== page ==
(A quick aside to students interested in studying public policies, programs, and organizations. You are my people. When we conduct research about a particular program, public policy, or organization, a model of the program, policy, or organization often plays the role of theory in the research process. A logic model, for example, depicts a program in terms of its inputs, activities, outputs, and outcomes—not unlike a set of concepts and relationships among those concepts. I’ve provided an example of a logic model and how it can generate a lot of applied research questions in Appendix A.)
... Everyone else—just in case you skipped that last paragraph: You should read Appendix A, too—you’ll find the examples of empirical research questions helpful.
A theory (or program, policy, or organization model), needn’t be such a complicated thing, but I think many students are like I was as an undergraduate student (and even into my graduate study years): intimidated by theory. I didn’t totally understand what theory was, and I thought handling theory was best left to the professionals. Like most students, I thought of theory as an antique car—the kind of antique car that is kept in pristine condition, all shiny and perfect, in its climate-controlled garage, rolled out only to show off, and then rolled back in for safe keeping. It turns out, though, that most researchers don’t view theories this way at all. Instead, they view their theories as beat-up pickup trucks. They’re good insofar as they’re useful for doing their job. It’s OK if they get dinged up in the process. They’re not just rolled out for showing off; they’re used to help understand the world, driven as far as they’ll go. (I stole this analogy from one of my professors, Gordon Kingsley, but, like a good theory, I’ve modified it a bit to suit our purposes here.)
As suggested by our model of the research process, theory is at the center of the entire process (not just at the beginning like in some other models); it’s the touchstone for every step along the way, including the step at hand: identifying a research question. To develop a research question, we can start with a theory and all its concepts and relationships among those concepts to deduce research questions—questions that, essentially, ask whether the theory matches observations in the real world. Maslow’s Hierarchy of Needs, for example, might suggest the question, Are voters whose basic needs are not being met more likely than others to support candidates who promise to alleviate citizens’ security and safety needs? Here, we have developed a question that uses a theory as a starting point, at least, for explaining a political phenomenon. How did we deduce this research question from our theory? The theory helped us identify relevant concepts, like voters’ security and safety needs and candidates’ promises to alleviate them, and a potential relationship between these concepts and what we’re interested in explaining, voters’ choice of candidate. (And like most empirical research based on Maslow’s theory, we might have difficulty finding much empirical support for it.)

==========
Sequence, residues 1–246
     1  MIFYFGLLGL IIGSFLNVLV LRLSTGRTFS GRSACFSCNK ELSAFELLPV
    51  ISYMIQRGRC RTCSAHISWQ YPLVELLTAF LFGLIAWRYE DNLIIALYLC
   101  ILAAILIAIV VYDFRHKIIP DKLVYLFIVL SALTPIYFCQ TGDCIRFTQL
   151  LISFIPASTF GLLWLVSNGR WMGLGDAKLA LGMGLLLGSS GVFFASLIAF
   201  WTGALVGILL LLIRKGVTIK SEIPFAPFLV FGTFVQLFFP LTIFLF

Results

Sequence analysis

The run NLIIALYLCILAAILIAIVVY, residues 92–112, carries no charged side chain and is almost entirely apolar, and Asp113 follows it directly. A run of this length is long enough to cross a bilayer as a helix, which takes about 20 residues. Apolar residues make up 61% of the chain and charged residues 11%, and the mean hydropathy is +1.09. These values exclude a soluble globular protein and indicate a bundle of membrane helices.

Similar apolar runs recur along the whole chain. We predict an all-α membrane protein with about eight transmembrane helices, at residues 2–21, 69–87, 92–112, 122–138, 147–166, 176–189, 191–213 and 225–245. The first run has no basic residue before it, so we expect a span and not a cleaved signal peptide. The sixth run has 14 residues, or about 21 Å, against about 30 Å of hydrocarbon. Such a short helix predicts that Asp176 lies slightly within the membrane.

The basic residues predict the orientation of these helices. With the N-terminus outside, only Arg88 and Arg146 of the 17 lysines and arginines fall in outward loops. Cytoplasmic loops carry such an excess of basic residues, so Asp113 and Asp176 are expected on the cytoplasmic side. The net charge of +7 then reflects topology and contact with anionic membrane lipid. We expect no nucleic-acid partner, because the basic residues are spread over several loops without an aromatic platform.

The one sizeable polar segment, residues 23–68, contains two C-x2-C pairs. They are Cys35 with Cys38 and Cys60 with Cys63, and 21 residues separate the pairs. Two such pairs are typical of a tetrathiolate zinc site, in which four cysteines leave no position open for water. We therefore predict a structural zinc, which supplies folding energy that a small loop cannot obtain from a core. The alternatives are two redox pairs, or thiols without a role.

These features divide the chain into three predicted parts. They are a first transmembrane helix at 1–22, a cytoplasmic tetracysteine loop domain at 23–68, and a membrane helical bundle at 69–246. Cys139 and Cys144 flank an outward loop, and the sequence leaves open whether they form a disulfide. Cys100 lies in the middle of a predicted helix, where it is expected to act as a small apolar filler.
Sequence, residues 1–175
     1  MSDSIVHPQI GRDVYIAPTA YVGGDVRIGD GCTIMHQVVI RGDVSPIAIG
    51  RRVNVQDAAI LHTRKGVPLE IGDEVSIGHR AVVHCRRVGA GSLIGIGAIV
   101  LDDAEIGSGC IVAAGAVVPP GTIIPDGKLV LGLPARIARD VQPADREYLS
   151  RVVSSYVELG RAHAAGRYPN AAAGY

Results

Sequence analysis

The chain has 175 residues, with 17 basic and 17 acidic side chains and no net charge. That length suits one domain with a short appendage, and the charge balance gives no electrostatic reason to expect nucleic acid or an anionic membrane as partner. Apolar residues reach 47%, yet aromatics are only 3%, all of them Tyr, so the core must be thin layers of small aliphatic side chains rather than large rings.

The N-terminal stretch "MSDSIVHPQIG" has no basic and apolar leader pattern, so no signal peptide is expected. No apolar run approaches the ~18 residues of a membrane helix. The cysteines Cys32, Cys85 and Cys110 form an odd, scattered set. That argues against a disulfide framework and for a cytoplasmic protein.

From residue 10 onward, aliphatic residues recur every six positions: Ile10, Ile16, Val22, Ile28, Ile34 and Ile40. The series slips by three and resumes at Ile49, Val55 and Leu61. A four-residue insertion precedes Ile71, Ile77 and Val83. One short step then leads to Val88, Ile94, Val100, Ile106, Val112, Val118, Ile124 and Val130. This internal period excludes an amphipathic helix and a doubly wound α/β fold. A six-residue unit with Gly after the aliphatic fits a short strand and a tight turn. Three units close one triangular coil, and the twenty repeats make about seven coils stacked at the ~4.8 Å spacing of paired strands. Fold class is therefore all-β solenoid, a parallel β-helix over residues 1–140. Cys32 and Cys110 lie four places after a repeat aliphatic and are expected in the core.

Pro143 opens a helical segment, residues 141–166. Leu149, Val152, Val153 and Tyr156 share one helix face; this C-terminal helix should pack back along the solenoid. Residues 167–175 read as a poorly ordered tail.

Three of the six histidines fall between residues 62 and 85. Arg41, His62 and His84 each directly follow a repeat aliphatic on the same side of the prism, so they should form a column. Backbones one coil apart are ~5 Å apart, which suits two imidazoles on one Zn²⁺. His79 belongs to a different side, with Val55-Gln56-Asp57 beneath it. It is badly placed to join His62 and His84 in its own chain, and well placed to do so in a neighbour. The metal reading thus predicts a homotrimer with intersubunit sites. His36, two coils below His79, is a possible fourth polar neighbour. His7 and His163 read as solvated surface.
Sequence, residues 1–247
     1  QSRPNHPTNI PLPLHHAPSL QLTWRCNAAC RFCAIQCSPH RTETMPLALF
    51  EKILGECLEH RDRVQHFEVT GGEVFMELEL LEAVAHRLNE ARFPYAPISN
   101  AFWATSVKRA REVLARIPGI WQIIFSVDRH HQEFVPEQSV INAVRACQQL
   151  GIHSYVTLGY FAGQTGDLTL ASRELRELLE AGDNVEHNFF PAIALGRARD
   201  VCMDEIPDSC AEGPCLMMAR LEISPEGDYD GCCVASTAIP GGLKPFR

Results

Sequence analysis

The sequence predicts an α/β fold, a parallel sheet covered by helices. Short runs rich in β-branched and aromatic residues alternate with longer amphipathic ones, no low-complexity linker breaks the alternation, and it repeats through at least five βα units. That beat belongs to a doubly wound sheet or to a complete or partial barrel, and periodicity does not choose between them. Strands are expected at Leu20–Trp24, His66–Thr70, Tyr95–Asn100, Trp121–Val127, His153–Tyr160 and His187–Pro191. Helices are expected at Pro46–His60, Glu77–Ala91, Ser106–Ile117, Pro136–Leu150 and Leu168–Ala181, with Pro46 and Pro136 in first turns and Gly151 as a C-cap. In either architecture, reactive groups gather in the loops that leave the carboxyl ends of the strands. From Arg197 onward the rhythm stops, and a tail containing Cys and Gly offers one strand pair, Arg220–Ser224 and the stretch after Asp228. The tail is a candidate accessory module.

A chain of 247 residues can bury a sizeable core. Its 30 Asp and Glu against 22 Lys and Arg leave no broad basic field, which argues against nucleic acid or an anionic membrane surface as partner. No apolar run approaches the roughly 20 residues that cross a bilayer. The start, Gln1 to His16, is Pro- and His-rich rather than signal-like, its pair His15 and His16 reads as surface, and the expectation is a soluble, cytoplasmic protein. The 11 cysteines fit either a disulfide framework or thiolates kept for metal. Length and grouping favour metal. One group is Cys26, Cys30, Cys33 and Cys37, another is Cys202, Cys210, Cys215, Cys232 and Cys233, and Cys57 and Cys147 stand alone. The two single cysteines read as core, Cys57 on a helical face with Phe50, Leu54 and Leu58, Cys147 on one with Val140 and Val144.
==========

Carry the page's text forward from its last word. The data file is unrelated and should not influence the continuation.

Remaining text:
Research questions may also be developed inductively by observing social phenomena and then developing research questions based on what has been observed. Perhaps you observe more men than women in your political science courses but not in your other courses. You can make this casual observation the basis of a research question: Are men more likely to take political science courses than women? or How does students’ sex relate to their course selection? or How does gender socialization affect students’ selection of majors? Researchers with an application orientation may simply experience a problem and develop a research question to figure out how to overcome it: Why did unemployment benefit claim processing time increase by 50% last year? You may find that your casual observations reflect regularities confirmed through systematic observations, and, ultimately, you may even develop a theory or modify an existing theory based on what you learned. So, whereas a deductive research process begins with theory and generalizations that lead to observation, an inductive research process begins with observations that lead to generalizations and theory.